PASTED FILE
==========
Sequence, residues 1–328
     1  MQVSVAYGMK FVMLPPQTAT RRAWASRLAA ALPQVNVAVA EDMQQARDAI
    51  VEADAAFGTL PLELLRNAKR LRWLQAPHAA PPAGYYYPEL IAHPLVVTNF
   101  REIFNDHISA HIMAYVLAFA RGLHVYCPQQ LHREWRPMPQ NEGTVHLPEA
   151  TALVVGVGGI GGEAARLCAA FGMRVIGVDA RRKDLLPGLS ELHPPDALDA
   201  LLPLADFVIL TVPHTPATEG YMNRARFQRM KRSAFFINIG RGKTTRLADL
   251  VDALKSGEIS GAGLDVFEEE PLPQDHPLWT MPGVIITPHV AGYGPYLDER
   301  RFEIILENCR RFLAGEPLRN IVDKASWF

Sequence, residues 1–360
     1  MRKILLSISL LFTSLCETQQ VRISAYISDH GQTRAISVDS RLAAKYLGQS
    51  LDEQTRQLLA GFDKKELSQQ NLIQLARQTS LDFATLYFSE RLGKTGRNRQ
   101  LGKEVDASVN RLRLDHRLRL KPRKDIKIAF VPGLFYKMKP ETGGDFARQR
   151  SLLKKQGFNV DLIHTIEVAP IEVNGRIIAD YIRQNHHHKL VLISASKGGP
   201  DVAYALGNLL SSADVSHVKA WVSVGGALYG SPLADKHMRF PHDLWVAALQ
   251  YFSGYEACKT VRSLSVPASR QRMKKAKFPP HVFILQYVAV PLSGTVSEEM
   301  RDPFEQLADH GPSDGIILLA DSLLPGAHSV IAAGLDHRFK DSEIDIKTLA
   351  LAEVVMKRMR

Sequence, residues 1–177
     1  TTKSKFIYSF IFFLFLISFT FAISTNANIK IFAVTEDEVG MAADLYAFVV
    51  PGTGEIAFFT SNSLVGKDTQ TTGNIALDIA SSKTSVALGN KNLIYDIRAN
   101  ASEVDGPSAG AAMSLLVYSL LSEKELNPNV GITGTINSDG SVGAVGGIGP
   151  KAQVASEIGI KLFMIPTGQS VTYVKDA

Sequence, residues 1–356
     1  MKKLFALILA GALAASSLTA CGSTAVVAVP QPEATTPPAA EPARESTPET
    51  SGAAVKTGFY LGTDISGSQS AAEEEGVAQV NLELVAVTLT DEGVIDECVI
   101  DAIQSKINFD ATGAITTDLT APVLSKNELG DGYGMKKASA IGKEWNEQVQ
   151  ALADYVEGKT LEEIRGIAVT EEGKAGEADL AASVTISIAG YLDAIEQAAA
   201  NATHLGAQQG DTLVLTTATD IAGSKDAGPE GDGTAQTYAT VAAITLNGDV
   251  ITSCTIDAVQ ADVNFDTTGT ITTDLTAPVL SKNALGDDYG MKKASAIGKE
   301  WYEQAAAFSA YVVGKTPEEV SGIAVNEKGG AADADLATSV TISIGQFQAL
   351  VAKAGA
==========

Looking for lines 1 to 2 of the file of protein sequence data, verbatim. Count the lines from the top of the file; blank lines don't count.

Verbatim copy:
Sequence, residues 1–328
     1  MQVSVAYGMK FVMLPPQTAT RRAWASRLAA ALPQVNVAVA EDMQQARDAI